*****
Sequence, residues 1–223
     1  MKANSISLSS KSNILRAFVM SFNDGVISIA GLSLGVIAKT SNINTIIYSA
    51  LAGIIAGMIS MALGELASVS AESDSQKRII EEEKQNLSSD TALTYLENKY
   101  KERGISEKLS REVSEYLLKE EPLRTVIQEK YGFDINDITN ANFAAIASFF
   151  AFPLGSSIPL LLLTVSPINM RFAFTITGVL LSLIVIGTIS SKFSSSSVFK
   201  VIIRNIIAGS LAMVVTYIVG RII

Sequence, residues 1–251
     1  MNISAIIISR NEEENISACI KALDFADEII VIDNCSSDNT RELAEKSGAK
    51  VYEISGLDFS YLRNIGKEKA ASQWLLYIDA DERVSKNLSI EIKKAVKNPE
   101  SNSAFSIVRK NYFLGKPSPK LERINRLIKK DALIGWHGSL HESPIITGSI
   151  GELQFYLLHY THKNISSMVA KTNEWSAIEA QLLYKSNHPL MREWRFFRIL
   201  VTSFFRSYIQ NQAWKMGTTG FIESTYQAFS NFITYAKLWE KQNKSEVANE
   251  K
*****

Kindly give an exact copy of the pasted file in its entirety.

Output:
Sequence, residues 1–223
     1  MKANSISLSS KSNILRAFVM SFNDGVISIA GLSLGVIAKT SNINTIIYSA
    51  LAGIIAGMIS MALGELASVS AESDSQKRII EEEKQNLSSD TALTYLENKY
   101  KERGISEKLS REVSEYLLKE EPLRTVIQEK YGFDINDITN ANFAAIASFF
   151  AFPLGSSIPL LLLTVSPINM RFAFTITGVL LSLIVIGTIS SKFSSSSVFK
   201  VIIRNIIAGS LAMVVTYIVG RII

Sequence, residues 1–251
     1  MNISAIIISR NEEENISACI KALDFADEII VIDNCSSDNT RELAEKSGAK
    51  VYEISGLDFS YLRNIGKEKA ASQWLLYIDA DERVSKNLSI EIKKAVKNPE
   101  SNSAFSIVRK NYFLGKPSPK LERINRLIKK DALIGWHGSL HESPIITGSI
   151  GELQFYLLHY THKNISSMVA KTNEWSAIEA QLLYKSNHPL MREWRFFRIL
   201  VTSFFRSYIQ NQAWKMGTTG FIESTYQAFS NFITYAKLWE KQNKSEVANE
   251  K